By Julianne Wilhelm
At one time or another we’ve all found ourselves in dangerous road conditions, whether it be a nasty downpour, dodging those pop-up deer late at night, or even swatting away flying baby toys cascading from the back seat. Nothing though, compares to the extreme conditions that some of the world’s most dangerous roads present. Many have known death rates in the thousands. Some are only used by extreme thrill-seekers looking for a chance to flirt with fate. Others, while still dangerous, are also known for their intricate beauty…if you can look past the pile of car carcass looming over the edge down below.
North Yungas Road, Bolivia: If you ever work up the bravery to travel down this so-called, “road,” be prepared to dodge the hundreds of crosses marking the spots where vehicles have fallen, as if it wasn’t dangerous enough. It takes a lot to be more recognized as, “Death Road,” than its actual name, but the North Yungas Road has done exactly that. It’s narrow, unguarded pathways lead from La Paz to Coroico, Bolivia for a stretch of 40 miles with 1,000 foot descending drops. Death Road is known for its extreme danger; so much so that it was named, “World’s Most Dangerous Road” by the inter-American Development Bank in 1995. An estimated 300 people die each year from attempting to travel the constricted, winding paths. If you’re looking for a leisurely, lazy afternoon drive…you may want to drop in somewhere else.
The Russian Federal Highway, Russia: So forget the hope of beauty on this one. This world renowned road is not only one of the most dangerous in the world, but is definitely in the running for the ugliest. This muddy troublemaker is home to Russia, the Russian Federal highway, and connects Moscow to Yakutsk. Ironically, it is where the coldest temperature ever was recorded outside of Antarctica. But when those warm months of July and August come around, what was once skidded and scurried on from ice and slush, is now one, long slew of sinking sludge, causing car jams in the thousands. Anyone got a 4-wheeler?
The Guoliang Tunnel, China: Known by locals as, “a sculpture more than a means of transportation,” The Guoliang Tunnel draws a fine line between a mode of passage and a mode of picture-taking. Lying in the Taihang mountains in the Hunan Province of China, the road was built by local villagers, who decided a width of 12 feet would suffice all your travel needs. During the five years it took to build the tunnel, many villagers died in accidents during construction; whereby the remaining workers continued to work. The tunnel is lined with man-made, “windows.” Whether they were built for your scenic pleasure or to hurry you along and get on out…is unknown.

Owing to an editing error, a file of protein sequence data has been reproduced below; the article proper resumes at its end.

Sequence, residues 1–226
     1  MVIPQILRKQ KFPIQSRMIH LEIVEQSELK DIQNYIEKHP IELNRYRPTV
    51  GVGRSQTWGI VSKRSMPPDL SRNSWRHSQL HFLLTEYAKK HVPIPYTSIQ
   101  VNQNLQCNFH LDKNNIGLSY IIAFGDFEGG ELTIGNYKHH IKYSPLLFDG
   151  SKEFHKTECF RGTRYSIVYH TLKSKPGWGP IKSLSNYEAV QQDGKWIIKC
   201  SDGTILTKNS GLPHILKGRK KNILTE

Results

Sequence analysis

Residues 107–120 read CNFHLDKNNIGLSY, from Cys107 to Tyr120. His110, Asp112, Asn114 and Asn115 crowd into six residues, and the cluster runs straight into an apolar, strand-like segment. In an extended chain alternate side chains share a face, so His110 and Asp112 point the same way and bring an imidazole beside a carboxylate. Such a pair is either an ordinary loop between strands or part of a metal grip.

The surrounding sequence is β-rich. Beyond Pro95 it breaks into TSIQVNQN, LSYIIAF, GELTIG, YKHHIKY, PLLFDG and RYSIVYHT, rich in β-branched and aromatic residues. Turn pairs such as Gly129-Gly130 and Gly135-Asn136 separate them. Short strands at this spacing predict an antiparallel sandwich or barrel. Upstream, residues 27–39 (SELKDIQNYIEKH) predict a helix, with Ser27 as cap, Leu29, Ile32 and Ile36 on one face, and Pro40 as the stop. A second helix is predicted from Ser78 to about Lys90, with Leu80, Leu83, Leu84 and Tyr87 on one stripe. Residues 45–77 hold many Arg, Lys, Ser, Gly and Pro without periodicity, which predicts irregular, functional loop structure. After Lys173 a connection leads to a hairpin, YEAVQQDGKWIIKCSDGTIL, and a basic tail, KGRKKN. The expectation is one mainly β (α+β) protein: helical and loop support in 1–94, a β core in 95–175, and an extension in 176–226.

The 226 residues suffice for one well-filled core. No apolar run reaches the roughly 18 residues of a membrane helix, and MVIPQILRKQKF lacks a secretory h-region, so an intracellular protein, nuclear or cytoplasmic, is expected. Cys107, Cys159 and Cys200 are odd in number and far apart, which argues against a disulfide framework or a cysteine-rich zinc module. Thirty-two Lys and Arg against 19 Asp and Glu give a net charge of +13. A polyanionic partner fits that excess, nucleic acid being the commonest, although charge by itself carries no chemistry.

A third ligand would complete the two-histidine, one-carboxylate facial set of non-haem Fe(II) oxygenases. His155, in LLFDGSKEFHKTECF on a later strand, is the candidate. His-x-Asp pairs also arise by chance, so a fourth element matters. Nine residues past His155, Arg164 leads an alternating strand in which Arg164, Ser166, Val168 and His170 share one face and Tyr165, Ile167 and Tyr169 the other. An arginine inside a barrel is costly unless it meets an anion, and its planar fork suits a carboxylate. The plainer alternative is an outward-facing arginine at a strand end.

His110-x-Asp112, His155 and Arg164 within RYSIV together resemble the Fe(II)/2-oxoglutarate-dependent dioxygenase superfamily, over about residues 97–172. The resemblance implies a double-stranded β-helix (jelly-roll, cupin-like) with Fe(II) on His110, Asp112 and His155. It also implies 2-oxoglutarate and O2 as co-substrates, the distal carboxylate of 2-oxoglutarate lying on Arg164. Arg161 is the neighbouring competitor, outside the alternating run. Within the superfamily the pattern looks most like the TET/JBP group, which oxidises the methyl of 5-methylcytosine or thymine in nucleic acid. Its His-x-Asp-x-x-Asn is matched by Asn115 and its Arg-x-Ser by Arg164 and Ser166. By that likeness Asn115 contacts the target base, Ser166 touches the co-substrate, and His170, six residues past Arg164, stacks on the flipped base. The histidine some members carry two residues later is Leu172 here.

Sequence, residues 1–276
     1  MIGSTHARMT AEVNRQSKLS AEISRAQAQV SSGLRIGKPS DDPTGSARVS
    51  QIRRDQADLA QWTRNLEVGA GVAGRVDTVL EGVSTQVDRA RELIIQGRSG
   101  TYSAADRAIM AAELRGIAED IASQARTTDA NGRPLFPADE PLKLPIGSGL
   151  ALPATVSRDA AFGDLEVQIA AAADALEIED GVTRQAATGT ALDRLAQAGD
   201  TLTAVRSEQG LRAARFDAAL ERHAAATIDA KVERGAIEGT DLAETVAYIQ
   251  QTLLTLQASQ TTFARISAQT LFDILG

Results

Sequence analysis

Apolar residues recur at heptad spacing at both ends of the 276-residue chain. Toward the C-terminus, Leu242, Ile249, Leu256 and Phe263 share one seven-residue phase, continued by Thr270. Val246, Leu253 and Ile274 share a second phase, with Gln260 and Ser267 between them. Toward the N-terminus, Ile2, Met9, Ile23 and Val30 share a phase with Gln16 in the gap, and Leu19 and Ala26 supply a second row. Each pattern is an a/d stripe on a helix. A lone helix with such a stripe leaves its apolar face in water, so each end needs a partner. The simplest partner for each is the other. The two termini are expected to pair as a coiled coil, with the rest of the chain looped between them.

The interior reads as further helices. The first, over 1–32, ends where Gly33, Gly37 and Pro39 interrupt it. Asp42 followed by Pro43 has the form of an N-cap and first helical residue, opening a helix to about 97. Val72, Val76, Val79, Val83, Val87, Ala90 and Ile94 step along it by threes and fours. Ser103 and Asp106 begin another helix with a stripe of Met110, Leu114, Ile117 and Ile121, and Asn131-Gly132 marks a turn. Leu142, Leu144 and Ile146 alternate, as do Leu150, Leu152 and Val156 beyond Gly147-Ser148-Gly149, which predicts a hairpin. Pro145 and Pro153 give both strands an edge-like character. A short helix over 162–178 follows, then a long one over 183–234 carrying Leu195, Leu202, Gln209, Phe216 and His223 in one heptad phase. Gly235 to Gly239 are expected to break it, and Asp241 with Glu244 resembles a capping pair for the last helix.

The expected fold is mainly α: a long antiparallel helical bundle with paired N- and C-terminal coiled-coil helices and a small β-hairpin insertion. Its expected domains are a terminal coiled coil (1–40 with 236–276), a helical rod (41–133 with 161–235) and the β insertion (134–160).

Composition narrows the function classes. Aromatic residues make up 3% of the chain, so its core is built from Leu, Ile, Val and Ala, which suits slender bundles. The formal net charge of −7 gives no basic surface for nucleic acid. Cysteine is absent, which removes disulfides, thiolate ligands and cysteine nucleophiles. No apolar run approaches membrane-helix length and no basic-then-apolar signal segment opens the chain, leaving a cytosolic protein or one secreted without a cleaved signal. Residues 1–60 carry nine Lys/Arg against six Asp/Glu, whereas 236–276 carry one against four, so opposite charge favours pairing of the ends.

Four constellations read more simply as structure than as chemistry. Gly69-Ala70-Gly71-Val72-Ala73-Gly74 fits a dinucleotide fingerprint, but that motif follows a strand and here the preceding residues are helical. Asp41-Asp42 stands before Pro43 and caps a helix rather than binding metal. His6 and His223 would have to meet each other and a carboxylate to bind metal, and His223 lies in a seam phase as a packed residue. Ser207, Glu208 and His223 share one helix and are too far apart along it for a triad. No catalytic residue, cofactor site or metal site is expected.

Sichuan-Tibet Highway, China – As if falling over the edge wasn’t dangerous enough, on China’s Sichuan-Tibet Highway, you have to look out above too. The number of deaths on this unguarded highway has nearly doubled in the past 20 years due to landslides and rock avalanches cascading down the monstrous mountain. The narrow roadway starts in Chengdu of Sichuan on the east and ends in Lhasa of Tibet on the west, stretching far for a fearful 2,412 kilometers. The highway winds and weaves through 14 different mountains and as long as you don’t take your eyes off the rigidy road for too long, you can enjoy some of China’s most extraordinary views. The road passes by numerous famous rivers and crosses through elaborate forests. You can even watch the seasons change from a warm, sensational spring to a chilly and windy winter.
Trollstigen, Norway: With an incline of nine percent, the Trollstigen road (The Troll Ladder) is one of the world’s steepest roads, along with being one of the most dangerous. The winding pathway leaves drivers grimacing as they slow on the breaks to spin around the 11 hairpin turns up the ascending roadway. Although the road has been said to be widened, cars and buses must pull over to let one another squeamishly squeeze by as they and get a too-close-for-comfort view of the daunting ground so many yards below. Once drivers reach the top of the mountain, they can park and (while breathing a sigh of relief) enjoy the scenery of the surrounding mountains which overlooks the stunning Stigfossen waterfall.
Whether you’re a thriving thrill seeker or a touring traveler just passing along, embrace those risky roads less traveled and remember – don’t look down!